When I protested because they wouldn't buy me new skates or if someone complained a teacher gave too much homework, Dad would respond: There's no whining in this house. It was his way of saying: there is no place in this house for feeling sorry for yourself.
A father is a person who's around, participating in a child's life. He's a teacher who helps to guide and shape and mold that young person, someone for that young person to talk to, to share with, their ups and their downs, their fears and their concerns.
In America the schools have become too permissive, the kids now are controlling the schools, the tail is wagging the dog. We've got to make a change there and get it back to where the teachers have control of the classrooms.
I don't know anybody who said, 'I love that teacher, he or she gave a really good homework set,' or 'Boy, that was the best class I ever took because those exams were awesome.' That's not what people want to talk about. It's not what influences people in one profession or another.
I was in special ed, but I felt like I was a caged bird. I felt like I could do better. I made sure I mastered my special ed lessons. I made sure I listened to my teacher. I made sure I did my homework, but I had to do a little extra.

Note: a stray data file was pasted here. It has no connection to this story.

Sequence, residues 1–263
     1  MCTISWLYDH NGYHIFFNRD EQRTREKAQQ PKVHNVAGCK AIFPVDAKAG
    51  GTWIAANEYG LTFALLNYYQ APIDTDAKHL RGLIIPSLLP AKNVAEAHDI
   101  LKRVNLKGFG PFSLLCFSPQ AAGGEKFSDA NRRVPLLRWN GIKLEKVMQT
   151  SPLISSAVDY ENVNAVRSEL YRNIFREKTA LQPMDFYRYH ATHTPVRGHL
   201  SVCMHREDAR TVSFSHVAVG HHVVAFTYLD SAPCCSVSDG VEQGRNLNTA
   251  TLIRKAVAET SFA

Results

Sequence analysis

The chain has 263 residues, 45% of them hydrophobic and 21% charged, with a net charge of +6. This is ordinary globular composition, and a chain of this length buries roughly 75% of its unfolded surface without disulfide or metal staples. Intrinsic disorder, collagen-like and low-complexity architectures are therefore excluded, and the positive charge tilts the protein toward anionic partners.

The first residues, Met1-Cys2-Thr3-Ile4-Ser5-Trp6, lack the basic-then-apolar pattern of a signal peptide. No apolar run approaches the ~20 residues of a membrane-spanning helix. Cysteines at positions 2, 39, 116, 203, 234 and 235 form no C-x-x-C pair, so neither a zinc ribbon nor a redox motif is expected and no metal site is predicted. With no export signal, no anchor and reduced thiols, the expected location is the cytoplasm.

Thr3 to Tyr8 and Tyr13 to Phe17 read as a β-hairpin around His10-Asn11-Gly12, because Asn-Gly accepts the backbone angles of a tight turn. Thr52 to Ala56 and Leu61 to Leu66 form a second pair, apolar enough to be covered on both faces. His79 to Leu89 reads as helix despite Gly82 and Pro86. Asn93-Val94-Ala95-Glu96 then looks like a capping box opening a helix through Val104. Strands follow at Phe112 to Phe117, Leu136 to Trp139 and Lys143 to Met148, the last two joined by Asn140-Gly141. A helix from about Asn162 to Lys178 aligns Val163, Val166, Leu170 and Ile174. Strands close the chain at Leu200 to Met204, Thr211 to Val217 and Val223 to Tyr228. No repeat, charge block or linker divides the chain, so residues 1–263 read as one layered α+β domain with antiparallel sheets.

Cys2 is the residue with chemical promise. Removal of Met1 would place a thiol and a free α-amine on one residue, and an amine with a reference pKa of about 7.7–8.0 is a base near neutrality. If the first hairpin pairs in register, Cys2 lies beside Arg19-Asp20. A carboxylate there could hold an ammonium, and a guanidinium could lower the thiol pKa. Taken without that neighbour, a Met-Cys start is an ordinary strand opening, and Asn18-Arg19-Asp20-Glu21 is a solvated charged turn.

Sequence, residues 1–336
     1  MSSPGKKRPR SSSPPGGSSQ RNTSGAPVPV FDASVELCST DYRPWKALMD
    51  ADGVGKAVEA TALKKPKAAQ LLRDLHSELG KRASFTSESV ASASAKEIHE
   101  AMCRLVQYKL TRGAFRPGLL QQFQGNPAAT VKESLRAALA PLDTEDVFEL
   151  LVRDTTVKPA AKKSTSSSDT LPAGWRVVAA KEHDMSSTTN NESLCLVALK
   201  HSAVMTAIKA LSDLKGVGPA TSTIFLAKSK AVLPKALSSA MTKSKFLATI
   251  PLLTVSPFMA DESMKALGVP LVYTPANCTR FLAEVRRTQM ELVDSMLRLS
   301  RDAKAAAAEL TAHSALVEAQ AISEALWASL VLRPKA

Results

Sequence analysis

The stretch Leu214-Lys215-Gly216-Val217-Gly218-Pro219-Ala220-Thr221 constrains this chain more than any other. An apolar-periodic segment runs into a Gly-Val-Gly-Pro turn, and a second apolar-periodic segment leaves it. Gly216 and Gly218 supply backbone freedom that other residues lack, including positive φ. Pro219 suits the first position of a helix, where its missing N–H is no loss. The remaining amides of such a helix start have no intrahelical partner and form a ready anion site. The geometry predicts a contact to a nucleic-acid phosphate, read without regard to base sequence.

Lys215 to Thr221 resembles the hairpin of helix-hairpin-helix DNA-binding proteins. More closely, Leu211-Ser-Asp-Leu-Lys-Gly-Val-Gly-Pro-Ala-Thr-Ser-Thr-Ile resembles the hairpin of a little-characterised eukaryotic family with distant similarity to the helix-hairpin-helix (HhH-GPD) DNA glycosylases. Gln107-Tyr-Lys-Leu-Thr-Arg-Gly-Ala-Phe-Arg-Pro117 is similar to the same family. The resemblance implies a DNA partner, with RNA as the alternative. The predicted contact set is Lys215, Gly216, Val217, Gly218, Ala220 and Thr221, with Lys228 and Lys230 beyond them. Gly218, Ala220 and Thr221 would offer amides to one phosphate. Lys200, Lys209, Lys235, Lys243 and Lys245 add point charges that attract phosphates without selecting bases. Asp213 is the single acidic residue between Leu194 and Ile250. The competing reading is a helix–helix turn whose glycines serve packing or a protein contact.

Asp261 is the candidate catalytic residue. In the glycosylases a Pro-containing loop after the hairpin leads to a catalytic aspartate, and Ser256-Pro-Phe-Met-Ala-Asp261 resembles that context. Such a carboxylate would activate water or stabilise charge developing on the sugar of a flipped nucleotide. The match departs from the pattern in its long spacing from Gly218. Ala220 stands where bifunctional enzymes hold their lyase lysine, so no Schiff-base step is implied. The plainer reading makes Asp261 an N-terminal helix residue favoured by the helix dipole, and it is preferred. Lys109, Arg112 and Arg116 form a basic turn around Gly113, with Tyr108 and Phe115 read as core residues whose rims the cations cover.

In my own life, when I was most inspired by a teacher, it always involved a real dialogue, a looseness and a real caring and compassion. It was not without rigor, not without discipline, not without standards, but all that was done out of love.
I'm sure any vocal teacher that listens to me would rather cut my throat than do anything - I do everything all wrong - but I think for me that's the best - because I don't think I have a voice so I think what I project would be style - if I learned to sing I'd lose my style.
I studied with a blind teacher from about 5 until I was 16, at two different schools. From the age of 12 until 16, I was in a boarding school-which, I believe, at that time was compulsory for blind children.